As tough as the Great Recession was on automotive manufacturers like General Motors and Chrysler Corp., it arguably was even tougher on industry suppliers, scores going bankrupt and many force to close their doors for good.
Now, the dramatic upturn is buoying bottom lines and, flush with cash, a new survey finds, the industry’s parts manufacturers are set to go on a buying spree. That said, suppliers aren’t just tossing their money around, more than three out of five saying they plan to focus on cost cutting and other efficiency matters in 2016.
“Nearly 60% of survey respondents are expecting to pursue acquisitions in the next 12 months,” according to the annual Capital Confidence Barometer pulled together by consulting firm EY.
The majority of the planned deals are relatively modest in size, reveals EY which used to be known as Ernst & Young. Nonetheless, deals of $250 million or more make up nearly a quarter of the planned mergers and acquisition, or M&A, activity
There are plenty of reasons why the coming year could see a spate of deal-making. Despite this week’s rate hike by the U.S. Federal Reserve, money is still relatively cheap. There is also plenty of pent-up demand, deals that might have been made in years past had the economy been stronger, financial analysts suggest.
A full 85% of the automotive executives EY surveyed said they see the economy continuing to improve – and an equal number were bullish about the M&A market over the next 12 months.
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It’s not surprising to see part manufacturers make acquisitions that expand their presence in their own niche markets. There’s been a significant consolidation in interiors, for example. But the study finds that “57% of automotive companies intend to pursue acquisitions outside their own sector.”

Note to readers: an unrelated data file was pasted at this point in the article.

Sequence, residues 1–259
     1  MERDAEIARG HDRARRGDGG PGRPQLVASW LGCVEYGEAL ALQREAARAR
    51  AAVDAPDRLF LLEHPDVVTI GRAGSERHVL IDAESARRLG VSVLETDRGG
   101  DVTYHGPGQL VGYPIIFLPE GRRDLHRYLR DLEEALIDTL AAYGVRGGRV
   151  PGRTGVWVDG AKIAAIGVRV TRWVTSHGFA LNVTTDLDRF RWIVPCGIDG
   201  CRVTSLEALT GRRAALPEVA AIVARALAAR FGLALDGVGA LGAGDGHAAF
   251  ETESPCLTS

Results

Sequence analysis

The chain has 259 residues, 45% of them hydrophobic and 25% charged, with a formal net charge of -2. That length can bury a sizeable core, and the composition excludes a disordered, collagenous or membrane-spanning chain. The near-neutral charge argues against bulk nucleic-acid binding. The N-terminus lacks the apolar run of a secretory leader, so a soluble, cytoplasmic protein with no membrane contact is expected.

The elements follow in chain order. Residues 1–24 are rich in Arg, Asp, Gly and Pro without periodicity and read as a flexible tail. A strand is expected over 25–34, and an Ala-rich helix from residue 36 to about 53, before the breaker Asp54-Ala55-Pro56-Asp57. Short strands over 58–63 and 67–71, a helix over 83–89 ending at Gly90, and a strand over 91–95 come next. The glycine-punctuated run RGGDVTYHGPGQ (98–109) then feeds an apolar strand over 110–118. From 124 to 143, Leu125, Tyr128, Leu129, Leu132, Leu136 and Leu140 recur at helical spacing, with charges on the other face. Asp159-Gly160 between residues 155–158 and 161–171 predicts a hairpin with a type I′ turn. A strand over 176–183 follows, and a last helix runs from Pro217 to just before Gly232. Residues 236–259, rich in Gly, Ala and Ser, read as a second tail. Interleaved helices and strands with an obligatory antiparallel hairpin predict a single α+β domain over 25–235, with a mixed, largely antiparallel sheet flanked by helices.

In some cases, that appears to show suppliers of commodity parts are pursuing potentially higher-profit lines of business. But it also indicates the dramatic transformation reshaping the auto industry, much of it driven by the digital revolution.
Today’s cars typically have more microprocessors onboard than you’ll find in the average home, and some of the biggest areas of growth are expected to be in high-tech infotainment and safety. The emerging field of autonomous driving is anticipated to produce tens of billions of dollars in all-new business within the next decade, other studies have shown.
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Another trend influencing the new merger mania is globalization. The vast majority of sales growth for the industry is now expected to come from emerging markets like China and India. So, it’s likely no surprise that “While more than 20% of automotive companies are planning to acquire in their home country or domestic market, a larger number are looking not just across borders but outside of their immediate region entirely,” says the EY study.
Nearly half of the companies surveyed say they’re expecting to make acquisitions outside their immediate region. The top investment destinations are India, the U.S., Germany, China and the United Kingdom.
About a third of the companies surveyed say they are focused on the Eurozone, and that appears to reflect the fact that this market is finally turning up after a painfully long recession. That said, economic and political volatility in Europe is seen as one of the “greatest economic risks” to the auto industry over the next 12 months. Volatile commodities and currency are seen as an even bigger threat.
How much longer the M&A binge will continue is uncertain. Recent forecasts have suggested the U.S. auto industry could reach the top of its current cycle by the end of 2016, and a number of experts, including forecasters at Toyota, warn that global auto sales may be flat in the coming year. That could explain the current push for mergers and acquisitions: supplier industry executives trying to better position themselves for the next downturn.
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That may explain why only 49% of the firms surveyed say they intend to create new jobs over the next 12 months. If anything, 61% report plans to improve operational efficiency and focus on cost reduction.